7.8
December 31, 2019

7 Things I’ve Learned from 1,000 Days of Sobriety.

What would happen if we removed all of our expectations?

If we entered into any life event with a totally open mind? What would happen if we always assumed people came from a place of positive intent and that everyone was simply doing the best they can?

One thousand days ago, I decided I didn’t know if I wanted to live anymore. I made some phone calls, told some truths, and ultimately I made a choice. I chose to live.

But my life had become so unmanageable that I had to make some big changes. My life lacked routine, discipline, and I had absolutely no devotion. I expected happiness to be handed to me and I looked for validation through external sources. I chose the darkness over the light. I was choosing death over life.

I don’t remember the next two days that followed, but I know that some of my friends took turns staying with me. I know that I went to my first 12-Step meeting, but the details aren’t there. I went to my first Kundalini class soon after that and something in me shifted. I have practiced nearly every day since then and I recently completed my teacher training. Looking back, I was being reborn in many ways. My life would never be the same again.

I am so incredibly grateful now that this happened; I no longer feel ashamed of who I had become—I needed to go down that path to get to where I am now.

Lately, it occurred to me that a lot of what happened to me had to do with life not being in-line with my expectations. I come from a generation where we just expect our happy ending. I got the education I was told to get, I moved to London, and I got a good job. I always had a boyfriend. But inside I was empty. I expected that if I was to follow the path I was led toward and conditioned to follow, then I would feel complete. But I did not. I don’t ever recall anyone talking to me about connection, purpose, and belief systems. My whole world revolved around following a path that I had never consciously chosen.

Expectations were high, effort was low, and the output was emptiness.

I have now lived my new life for 1,000 days. In yogic terms, that means I have mastered my new habits into my consciousness. For me, it’s not just about my sobriety, it’s about me understanding the way I need to live to allow me to be connected to myself—and I learn more about this everyday.

I have healthy boundaries, I avoid situations and people who do not light me up, and I live in a way that brings me great happiness. I am kind, I am loving, I share my light, I love myself, I respect myself and others, I am of service, I am devoted, I always start my day in a way that sets the tone right, I work on myself, I forgive mistakes, I try not to judge, I work on my mind, body and spirit, I learn, I work hard, and I care for myself.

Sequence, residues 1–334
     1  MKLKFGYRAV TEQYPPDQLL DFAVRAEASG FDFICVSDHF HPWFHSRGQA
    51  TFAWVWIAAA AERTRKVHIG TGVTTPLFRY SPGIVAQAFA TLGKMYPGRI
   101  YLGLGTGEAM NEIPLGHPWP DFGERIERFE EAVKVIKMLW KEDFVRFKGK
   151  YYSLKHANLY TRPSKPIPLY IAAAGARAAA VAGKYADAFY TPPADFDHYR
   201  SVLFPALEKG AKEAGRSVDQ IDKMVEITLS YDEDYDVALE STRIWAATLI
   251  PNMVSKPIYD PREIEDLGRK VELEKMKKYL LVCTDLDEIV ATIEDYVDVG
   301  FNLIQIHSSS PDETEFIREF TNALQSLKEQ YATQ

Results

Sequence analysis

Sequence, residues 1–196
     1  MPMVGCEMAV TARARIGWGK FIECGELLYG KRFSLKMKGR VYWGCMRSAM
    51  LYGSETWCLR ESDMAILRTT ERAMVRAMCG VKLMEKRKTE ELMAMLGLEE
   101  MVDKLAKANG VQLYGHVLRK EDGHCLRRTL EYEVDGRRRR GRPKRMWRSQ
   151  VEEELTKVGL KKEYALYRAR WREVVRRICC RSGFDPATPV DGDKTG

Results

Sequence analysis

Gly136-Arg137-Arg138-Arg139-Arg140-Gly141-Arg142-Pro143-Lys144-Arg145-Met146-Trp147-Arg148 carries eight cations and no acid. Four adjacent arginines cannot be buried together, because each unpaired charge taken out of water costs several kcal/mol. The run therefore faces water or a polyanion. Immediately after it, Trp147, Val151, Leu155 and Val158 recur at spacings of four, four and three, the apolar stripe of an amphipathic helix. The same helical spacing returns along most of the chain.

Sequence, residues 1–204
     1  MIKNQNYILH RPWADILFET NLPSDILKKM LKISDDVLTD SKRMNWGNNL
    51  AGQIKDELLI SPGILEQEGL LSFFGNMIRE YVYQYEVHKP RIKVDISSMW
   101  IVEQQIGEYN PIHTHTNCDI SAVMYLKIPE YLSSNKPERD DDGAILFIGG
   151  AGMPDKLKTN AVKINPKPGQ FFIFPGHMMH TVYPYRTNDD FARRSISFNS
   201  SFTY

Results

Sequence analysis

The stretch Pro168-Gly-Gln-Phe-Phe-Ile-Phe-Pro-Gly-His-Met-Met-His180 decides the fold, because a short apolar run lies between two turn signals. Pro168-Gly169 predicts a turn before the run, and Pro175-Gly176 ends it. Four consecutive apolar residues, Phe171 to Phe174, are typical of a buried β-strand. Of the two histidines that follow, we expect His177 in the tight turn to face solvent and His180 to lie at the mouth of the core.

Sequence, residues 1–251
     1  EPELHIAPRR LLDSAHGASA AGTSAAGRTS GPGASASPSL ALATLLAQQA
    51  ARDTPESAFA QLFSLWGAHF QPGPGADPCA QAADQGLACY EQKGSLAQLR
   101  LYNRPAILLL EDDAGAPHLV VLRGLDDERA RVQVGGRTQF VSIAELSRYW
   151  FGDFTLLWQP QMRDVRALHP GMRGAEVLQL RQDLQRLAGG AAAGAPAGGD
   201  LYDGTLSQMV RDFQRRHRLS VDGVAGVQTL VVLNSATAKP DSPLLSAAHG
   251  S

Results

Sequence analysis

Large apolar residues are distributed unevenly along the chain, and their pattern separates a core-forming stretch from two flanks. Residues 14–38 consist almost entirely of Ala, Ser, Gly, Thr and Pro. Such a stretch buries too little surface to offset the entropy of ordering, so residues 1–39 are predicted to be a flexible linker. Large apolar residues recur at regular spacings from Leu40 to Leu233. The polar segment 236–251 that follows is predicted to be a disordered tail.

I understand now that we all have our path to follow, and if we find a way to connect to our souls, we will find ourselves in the light, not the dark. I have hope that can we all find our way. I now devote my life to serving and helping people to find their way. I am happy and I deserve it.

If you feel lost and incomplete, try to identify how much of that is coming from expectations. Is the path you are on one that you consciously chose for yourself? Are you aware of what has led you to your current state of being? Try to  see life more from a point of neutrality. Meditation can really help with this. Once we get out of being stuck in the details of life and see the bigger picture, that’s when we can really start to make changes.

Here are my top tips for creating positive change in your life:

1. Don’t try and do it alone. If you are feeling lost and disconnected, then be honest with yourself about that and acknowledge that you need help. What support can you enlist? Online groups, individual support of a coach or therapist? Self-help books? For me, I used a combination of a 12-Step group and a life coach in my early days. I now use Kundalini yoga as a daily part of my routine and have a regular coach to help keep me on track.

2. Understand where you are in your life. What is and isn’t working? This will help you feel more in control.

3. Who is on your team (your life team)? Who lights you up? Who takes your energy? It’s important to surround ourselves with people who are positive. Have a think about your team. Do you have vacancies? Do you need to make some redundancies?

4. What would your ideal life recipe look like? Meditation can really help you to gain clarity. Early in my process of making changes I did this meditation for 120 days. It was just incredible in helping me see what I wanted to work toward and who I really am.

5. Find a way to give back. Did you know one of the key ways to union through yoga is being of service? We should all have an element of this in our life.

6. Embed your new habits into your daily life. How can you ensure you are accountable? Make people aware of your goals and help them to encourage you in the right way. A coach can really help with this.

7. Live those changes. Don’t give up if you fall; no one has a seamless journey to change. We need to try things and make mistakes to learn what does and doesn’t work for us.

Understand that we are always growing. I believe that working on ourselves is a lifelong practice—and the ultimate path to happiness.

~

 

Read 27 Comments and Reply

author: Corinne Gardner

Image: author's own

Editor: Julie Balsiger